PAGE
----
New World to buy out its China retail unit in HK$934.5 million privatisation plan
New World will offer HK$2 per share to buy out its retail unit, less than half the 2007 IPO price of the department store operator.
New World Development, the holding company of the Cheng family, one of the wealthiest in Hong Kong, will buy out a retail unit that operates department stores in mainland China in a HK$934.5 million (US$119.90 million) privatisation plan.
New World Development will offer HK$2 per share to buy the 27.7 per cent of New World Department Store China that it does not already own, according to a statement to the Hong Kong stock exchange. Shares of the retail operator jumped 43 per cent to HK$1.90 in Hong Kong trading, while New World Development was unchanged at HK$10.78.
The privatisation comes at an optimal time, as the retailer’s stock price has fallen by more than 65 per cent since its initial public stock offering in 2007, according to Alvin Cheung Chi-wai, associate director at Prudential Brokerage.
“It’s a typical example for listed companies to spin off their assets at high valuations during boom time and privatise them” during the downturn of the stock’s price, Cheung said.
The retailer, which owns New World stores across 22 cities in mainland China and is 72.3 per cent owned by New World Development, debuted on the Hong Kong bourse in 2007 at HK$5.80 per share. New World Development was established by the late Cheng Yu-tong in 1970, and has businesses in infrastructure, hotels, property and transport.
“In addition, the traditional retail business has been hit by the rapid growth of online shopping in the mainland and profit margin was significantly squeezed by competition,” he said.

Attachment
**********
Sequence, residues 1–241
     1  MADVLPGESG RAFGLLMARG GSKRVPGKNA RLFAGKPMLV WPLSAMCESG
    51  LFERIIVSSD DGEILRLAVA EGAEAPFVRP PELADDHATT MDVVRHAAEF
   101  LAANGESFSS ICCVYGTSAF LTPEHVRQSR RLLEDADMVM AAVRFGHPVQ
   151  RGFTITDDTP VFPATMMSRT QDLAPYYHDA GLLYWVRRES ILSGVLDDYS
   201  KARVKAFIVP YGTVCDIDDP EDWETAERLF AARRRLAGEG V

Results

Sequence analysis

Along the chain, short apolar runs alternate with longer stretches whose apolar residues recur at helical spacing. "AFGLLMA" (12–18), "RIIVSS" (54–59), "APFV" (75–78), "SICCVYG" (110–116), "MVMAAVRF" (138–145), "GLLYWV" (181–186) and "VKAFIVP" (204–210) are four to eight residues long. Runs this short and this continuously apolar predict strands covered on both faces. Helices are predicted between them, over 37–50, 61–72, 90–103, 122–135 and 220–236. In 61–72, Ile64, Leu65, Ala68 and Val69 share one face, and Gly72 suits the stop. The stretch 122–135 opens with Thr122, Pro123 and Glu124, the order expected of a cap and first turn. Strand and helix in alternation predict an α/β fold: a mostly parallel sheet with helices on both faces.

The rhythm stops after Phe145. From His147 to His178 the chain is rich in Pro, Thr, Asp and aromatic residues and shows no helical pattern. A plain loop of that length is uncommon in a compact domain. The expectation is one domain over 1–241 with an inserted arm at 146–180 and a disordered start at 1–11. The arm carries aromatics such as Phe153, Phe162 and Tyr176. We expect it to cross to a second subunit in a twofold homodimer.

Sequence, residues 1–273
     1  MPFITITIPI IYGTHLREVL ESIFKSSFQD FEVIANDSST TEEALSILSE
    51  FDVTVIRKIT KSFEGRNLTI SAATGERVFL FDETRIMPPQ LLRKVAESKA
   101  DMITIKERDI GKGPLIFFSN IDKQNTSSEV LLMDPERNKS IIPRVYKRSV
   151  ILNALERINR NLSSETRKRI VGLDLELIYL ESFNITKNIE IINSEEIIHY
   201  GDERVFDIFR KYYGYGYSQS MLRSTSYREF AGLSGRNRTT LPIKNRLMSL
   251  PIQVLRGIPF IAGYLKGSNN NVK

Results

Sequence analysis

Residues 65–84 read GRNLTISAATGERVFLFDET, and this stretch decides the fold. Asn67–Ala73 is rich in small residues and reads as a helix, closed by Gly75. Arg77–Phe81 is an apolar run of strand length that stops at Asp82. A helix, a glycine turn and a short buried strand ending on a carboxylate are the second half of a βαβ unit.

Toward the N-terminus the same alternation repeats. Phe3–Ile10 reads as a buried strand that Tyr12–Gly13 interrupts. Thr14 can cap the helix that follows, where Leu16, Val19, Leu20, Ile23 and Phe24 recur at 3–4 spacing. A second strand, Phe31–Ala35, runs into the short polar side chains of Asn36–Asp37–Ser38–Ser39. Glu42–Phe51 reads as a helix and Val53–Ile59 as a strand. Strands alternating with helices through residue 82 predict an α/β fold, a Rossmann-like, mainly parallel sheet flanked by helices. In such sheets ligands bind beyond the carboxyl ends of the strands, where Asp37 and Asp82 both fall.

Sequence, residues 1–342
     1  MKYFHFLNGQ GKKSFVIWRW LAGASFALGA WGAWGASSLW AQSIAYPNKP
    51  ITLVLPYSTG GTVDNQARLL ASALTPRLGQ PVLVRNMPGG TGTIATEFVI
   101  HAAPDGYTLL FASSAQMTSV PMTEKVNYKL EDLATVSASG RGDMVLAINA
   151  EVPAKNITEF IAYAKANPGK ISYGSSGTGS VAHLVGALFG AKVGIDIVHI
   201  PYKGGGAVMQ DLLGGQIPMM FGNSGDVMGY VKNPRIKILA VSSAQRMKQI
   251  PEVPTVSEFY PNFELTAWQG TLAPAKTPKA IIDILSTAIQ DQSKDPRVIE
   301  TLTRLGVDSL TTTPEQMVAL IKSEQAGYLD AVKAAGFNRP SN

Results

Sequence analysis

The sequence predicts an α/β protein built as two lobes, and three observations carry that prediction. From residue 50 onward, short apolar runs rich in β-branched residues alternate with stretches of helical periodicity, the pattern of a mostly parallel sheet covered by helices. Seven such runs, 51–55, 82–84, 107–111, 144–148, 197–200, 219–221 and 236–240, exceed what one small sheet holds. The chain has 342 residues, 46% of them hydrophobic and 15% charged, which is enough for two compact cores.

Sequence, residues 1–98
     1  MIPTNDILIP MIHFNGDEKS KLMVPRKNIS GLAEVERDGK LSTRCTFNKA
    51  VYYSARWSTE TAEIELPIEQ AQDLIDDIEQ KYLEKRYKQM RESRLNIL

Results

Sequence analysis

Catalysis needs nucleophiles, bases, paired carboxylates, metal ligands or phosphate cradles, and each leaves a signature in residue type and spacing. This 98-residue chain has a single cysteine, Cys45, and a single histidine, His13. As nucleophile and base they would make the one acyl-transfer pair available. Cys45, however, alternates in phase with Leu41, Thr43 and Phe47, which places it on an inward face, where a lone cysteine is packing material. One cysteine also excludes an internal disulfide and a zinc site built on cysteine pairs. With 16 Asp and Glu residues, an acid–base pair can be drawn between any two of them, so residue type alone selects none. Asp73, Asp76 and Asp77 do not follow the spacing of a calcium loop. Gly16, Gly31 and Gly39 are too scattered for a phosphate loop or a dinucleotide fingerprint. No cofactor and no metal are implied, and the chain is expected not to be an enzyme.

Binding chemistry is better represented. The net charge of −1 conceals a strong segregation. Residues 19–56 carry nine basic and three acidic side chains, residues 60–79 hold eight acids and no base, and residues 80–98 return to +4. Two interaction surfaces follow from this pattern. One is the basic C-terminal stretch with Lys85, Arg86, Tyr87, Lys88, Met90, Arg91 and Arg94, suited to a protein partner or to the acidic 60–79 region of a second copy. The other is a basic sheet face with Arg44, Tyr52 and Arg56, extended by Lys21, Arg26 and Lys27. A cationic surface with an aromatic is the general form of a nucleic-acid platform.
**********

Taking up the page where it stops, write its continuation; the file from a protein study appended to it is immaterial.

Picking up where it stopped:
Jonas Kan, head of property research at Daiwa Capital Markets, said the privatisation of the mainland department store could offer greater flexibility for the majority shareholder to revamp its business.
If New World Development “wants to retreat from the mainland retail market, it should sell down its stake instead of buying out the shares it does not own”, he said.
The company will be delisted from the Hong Kong stock exchange and become a private company wholly owned by New World, if 90 per cent of minority shareholders accept the offer. Otherwise, the buyout offer will lapse.
New World Development believes the privatisation plan is necessary because it wants to change the strategy of the department store unit.
“China’s retail space has experienced unprecedented challenges in recent years, particularly from the rapidly growing e-commerce platforms, as well as the influx of large format shopping malls, which revolutionised the shopping habits of Chinese consumers significantly,” the company said in a stock exchange filing.
The offer price was attractive enough to gain investors’ support for the privatisation plan, said Ben Kwong Man-bun, a director of KGI Asia.
“It’s not easy to make a profit these days from department stores,” Kwong said. “The privatisation will allow New World to easily change its strategy. Reducing the number of listed entities in the New World group will cut its costs and enhance operating efficiency, which would benefit the group as a whole.”